“These Brooklyn librarians have gone from shelving books to rocking out in a band. The six librarians have formed a roving band called Lost in the Stacks – a jazz and blues band that plays at book festivals and branches all over the city. The group is a far cry from the stern stereotypes of librarians. “This gives the people another image of librarians,” said the band’s founding member, Jack McCleland, 65, the head librarian at the main branch at Grand Army Plaza.”

via NY Daily News

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Things to Know When Going Solo

“Solo” librarians like me can be found in nearly every type of library, from school to academic to special to (generally branch or rural) public libraries. One thing that most of us probably have in common is that we didn’t start out intending to work in a one-person library, and we weren’t trained for it since there’s no library-school track designed with solos in mind. If I could have enrolled in one before I started my solo job, these are some things that would have been useful to know:”

via Letters to a Young Librarian

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12 Librarians Who Made or Saved Los Angeles History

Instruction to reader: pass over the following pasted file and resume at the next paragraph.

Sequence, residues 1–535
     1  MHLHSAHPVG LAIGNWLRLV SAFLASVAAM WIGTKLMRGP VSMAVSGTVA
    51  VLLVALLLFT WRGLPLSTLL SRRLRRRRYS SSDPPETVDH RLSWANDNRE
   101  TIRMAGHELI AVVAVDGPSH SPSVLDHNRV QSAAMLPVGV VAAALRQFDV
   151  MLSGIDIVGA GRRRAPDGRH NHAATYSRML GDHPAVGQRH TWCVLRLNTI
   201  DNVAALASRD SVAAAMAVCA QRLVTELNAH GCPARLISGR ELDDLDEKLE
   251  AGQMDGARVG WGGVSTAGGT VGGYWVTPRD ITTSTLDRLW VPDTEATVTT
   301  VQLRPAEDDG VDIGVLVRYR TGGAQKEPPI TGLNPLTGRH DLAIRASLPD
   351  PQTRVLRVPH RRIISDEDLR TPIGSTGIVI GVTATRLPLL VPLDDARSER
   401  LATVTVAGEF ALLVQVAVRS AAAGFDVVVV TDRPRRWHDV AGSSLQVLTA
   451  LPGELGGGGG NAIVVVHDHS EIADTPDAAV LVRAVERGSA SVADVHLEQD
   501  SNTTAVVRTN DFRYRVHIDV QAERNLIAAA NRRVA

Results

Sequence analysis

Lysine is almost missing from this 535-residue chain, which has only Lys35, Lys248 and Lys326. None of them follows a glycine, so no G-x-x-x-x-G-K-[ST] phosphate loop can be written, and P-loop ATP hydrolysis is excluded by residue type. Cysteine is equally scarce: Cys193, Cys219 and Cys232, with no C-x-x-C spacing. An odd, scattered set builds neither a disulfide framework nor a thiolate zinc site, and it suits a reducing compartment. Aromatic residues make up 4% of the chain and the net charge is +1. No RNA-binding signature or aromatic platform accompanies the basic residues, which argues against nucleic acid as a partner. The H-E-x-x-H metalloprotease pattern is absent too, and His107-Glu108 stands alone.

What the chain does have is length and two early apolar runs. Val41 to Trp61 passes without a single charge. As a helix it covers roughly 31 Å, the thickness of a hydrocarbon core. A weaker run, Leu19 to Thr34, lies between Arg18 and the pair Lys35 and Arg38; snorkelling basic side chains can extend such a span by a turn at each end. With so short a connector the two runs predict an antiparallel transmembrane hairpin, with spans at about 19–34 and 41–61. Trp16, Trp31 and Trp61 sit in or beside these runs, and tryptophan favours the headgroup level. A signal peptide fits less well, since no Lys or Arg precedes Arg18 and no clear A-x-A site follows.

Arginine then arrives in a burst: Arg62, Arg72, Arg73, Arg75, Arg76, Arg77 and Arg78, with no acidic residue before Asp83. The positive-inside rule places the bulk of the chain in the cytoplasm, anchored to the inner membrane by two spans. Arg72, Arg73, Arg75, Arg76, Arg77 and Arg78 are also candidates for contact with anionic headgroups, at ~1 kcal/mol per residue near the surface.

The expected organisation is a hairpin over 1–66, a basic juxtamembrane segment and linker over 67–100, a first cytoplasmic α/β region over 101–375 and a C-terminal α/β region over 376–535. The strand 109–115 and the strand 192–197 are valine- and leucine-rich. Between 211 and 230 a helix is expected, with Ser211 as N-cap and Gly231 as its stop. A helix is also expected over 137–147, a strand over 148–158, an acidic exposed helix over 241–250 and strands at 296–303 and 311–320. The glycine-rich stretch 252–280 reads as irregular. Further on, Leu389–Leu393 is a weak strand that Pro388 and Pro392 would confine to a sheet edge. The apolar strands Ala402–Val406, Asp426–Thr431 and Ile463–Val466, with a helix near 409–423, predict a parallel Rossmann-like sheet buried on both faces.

KCET – “In the librarian history of Los Angeles, Charles Lummis and Mary Foy are two of Los Angeles’ better known librarians, though their tenures as librarians were brief compared to their larger roles in Los Angeles. Known as Miss Los Angeles, Mary Foy was the first woman to be City Librarian, serving from 1880 to 1884. She worked to preserve the city’s history in numerous ways, from organizing the Los Angeles High School alumni to organizing the First Century Families. Charles Lummis was never trained as a librarian and only served as City Librarian from 1905 – 1910. His acquisitions on the Spanish and Mexican period of California’s history are still held in the library’s collection today, and Lummis’ own private library became the foundation for the Southwest Museum Library, now part of the Autry National Center’s Braun Research Library. At the American Library Association convention in 1906, Lummis founded a briefly-lived tongue-in-cheek organization The Bibliosmiles, a “Rally of Librarians Who Are Nevertheless Human.” The organization’s motto was “To Keep the Bookdust Off Our Own Topshelves’.” (More details about the Bibliosmiles on blog “Library History Buff Blog”).”